My daughters asked for journals for Christmas this year. I thought about just how rabidly they’d taken to Dr. Who, after I introduced them, and thought I’d surprise them with a matching set, having seen the ones in the “The Impossible Astronaut”. I fell in love with them and thought them a perfect pair for the girls.
So, it begins!
The picture you see below is the practice of skiving, or paring leather. I had a limited selection of leather, and so had to go with the closest to TARDIS blue I could find, and had some troubles with the choice I made.
It’s a rough-tanned, uneven tough/softness leather. I chose the most easily controlled knife of the two I own, the “French” paring knife to do the work. Boy was I glad I did.
Each side needed a large amount of tapering from “color” layer only at the edges to about 1/2 the thickness of the leather itself, just past the black lines drawn to outline the edges of the boards.
I found out in the earlier bindings I did, the empty binders, that the leather needed to be thinned down as far back as the bottom most corner of the book boards (cardboard or wood) for the smoothest, neatest, easiest wrap work.
The leather varied in its ease of working inch by inch, not in varying areas. I’ll save you the pictures of the process, as I didn’t take any except the start, and certainly none of the boo-boos. The boo-boos (cuts and chunks missing) were repaired by gluing (PVA) them back in by backing with a thin, drawing “vellum” made of light, yet tough, paper I had for drafting.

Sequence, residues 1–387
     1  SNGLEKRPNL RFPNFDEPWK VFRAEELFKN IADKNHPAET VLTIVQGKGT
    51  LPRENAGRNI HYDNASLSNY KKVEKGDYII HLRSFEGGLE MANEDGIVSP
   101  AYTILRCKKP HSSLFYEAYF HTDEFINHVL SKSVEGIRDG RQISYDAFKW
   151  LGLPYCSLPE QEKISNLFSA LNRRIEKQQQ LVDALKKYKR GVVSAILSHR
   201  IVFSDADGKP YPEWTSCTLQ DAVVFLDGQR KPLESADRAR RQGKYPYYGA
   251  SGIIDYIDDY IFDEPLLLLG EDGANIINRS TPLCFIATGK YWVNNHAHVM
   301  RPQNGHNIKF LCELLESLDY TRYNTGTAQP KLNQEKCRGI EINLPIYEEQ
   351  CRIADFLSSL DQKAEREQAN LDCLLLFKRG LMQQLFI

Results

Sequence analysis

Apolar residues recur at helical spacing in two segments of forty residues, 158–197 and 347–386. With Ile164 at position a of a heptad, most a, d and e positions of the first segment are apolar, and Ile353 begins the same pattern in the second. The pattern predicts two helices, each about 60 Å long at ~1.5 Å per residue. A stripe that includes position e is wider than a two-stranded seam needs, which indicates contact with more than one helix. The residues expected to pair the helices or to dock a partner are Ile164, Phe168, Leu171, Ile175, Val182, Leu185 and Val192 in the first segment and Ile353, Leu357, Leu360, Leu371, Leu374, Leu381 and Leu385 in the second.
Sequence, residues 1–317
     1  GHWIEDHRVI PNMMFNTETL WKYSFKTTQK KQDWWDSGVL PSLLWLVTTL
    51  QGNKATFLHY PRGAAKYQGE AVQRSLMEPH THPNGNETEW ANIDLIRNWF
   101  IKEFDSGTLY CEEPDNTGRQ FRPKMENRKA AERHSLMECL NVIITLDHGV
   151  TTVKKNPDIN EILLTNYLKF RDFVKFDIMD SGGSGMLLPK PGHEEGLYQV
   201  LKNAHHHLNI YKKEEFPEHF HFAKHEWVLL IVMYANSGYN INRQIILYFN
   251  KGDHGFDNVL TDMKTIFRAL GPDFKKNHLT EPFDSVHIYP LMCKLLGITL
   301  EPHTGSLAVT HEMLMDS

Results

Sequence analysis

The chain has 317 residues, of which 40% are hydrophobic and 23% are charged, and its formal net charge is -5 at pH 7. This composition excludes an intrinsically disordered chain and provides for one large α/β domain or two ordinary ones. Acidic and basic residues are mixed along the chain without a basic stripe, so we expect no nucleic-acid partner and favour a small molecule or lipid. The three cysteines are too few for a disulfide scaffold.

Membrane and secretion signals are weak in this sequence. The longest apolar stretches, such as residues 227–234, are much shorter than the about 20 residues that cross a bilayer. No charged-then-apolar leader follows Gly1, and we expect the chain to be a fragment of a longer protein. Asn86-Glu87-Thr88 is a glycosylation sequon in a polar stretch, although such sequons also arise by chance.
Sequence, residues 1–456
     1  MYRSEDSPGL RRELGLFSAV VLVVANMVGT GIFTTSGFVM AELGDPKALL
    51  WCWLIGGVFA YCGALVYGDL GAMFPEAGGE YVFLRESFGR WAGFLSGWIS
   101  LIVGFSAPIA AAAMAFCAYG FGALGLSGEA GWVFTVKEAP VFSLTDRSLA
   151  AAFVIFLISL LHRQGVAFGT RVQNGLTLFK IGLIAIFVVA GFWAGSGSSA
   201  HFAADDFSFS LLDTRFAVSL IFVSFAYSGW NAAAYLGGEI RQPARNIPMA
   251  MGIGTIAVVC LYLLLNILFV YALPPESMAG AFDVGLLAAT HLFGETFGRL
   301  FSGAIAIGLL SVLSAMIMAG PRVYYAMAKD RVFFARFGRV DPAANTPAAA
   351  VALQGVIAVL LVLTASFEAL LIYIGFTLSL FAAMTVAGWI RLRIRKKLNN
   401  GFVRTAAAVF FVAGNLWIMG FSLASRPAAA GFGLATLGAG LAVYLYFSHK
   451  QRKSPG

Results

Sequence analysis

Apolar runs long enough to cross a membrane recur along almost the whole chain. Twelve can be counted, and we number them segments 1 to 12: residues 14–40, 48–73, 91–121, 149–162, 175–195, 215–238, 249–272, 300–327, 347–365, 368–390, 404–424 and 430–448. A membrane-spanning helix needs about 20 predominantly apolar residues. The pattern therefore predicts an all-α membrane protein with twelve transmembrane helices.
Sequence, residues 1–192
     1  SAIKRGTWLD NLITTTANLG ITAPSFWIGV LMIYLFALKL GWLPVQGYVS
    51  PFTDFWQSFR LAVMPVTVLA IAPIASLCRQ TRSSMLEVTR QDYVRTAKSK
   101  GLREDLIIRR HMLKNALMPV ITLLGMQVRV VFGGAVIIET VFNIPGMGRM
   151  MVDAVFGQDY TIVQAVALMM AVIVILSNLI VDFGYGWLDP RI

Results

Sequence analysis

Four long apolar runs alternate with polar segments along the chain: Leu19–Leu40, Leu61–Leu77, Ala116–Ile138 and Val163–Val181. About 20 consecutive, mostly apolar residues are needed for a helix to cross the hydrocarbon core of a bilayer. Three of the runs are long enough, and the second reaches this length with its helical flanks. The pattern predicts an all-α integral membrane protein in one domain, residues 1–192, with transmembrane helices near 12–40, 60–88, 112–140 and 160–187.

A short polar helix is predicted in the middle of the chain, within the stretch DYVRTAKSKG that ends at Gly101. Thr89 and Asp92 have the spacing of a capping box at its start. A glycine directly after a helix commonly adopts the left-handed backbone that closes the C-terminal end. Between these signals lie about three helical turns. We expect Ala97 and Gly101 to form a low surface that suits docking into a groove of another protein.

Next you’ll see the re-verifying the placement of the boards with the lines, just feeding my paranoia bug (also known as OCD).
This picture is of the visual check making sure the book block (book block sewn earlier, I’ll post on a book block later, but not in this project, there are many more, many better posts on book blocks out there. An inspirational sewing of a block can be found on James Downey’s Legacy Bookbindery pages)
Follows is the picture of the book block glued and set into the binding, with the outermost page in use as hinge and anchor for the book block in the binder. This is prior to the end papers being glued down.
Follows is the journal with the end papers. The end papers I chose for this project are hand-printed in Italy. They are exciting to hold, and simply wonderful to work with. Pasting details to follow towards the end of the post.
Finally, you’ll see the tooling. I chose to use simple embossing on the leather, while it was still wet from pasting onto the book boards. Because of the higher moisture content in the wheat paste and PVA mix I created for this particular set of projects, it made the embossing, without heat (aka blind tooling) much, much easier.
This was, truly, a labor of love, re-creating Dr. River Song’s journal for my youngest.
Okay, details for the labor, for both, on the leather. Each leather piece for each book took about 3 hours of skiving (paring) with the french paring knife. That knife is the one with which I have the most control. The english knife, while holding the sharpest edge, is much more difficult to use with “difficult” leather. I learned that the first inch of difficulty with the tooling-belly type leather here. The knife needed stropped, every 2-3 inches along the edge, truly tasking work. Every 3rd strop, I actually needed to take it to the ultra-fine honing stone to remind the knife of its edge, usually only 2 passes were needed on the stone, and then 2-3 passes on the strop at every strop session.
Each leather piece needed thinning at the edges to the tune of about 3 full cm wide, so the wrap up and around the book board was much thinner and much more pliable than the original thickness would allow. Lessons learned from the prior leather binding sessions.